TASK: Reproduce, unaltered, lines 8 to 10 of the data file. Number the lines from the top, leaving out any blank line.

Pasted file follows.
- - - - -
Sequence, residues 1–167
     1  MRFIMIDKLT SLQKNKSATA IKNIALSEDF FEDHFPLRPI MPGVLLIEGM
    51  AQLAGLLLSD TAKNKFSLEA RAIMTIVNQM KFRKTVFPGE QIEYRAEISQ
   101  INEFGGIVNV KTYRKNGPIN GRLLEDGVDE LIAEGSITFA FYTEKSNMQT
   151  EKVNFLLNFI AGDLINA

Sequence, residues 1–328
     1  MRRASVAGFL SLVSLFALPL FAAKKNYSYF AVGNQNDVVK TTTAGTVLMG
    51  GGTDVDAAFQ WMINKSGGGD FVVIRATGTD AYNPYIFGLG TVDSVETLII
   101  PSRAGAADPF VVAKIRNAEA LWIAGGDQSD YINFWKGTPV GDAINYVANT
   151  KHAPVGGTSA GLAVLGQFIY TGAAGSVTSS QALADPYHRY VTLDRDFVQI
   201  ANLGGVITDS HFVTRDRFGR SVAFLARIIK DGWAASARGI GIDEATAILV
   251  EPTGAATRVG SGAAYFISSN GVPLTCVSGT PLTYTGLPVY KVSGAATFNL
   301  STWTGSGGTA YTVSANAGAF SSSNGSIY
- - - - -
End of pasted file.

    51  GGTDVDAAFQ WMINKSGGGD FVVIRATGTD AYNPYIFGLG TVDSVETLII
   101  PSRAGAADPF VVAKIRNAEA LWIAGGDQSD YINFWKGTPV GDAINYVANT
   151  KHAPVGGTSA GLAVLGQFIY TGAAGSVTSS QALADPYHRY VTLDRDFVQI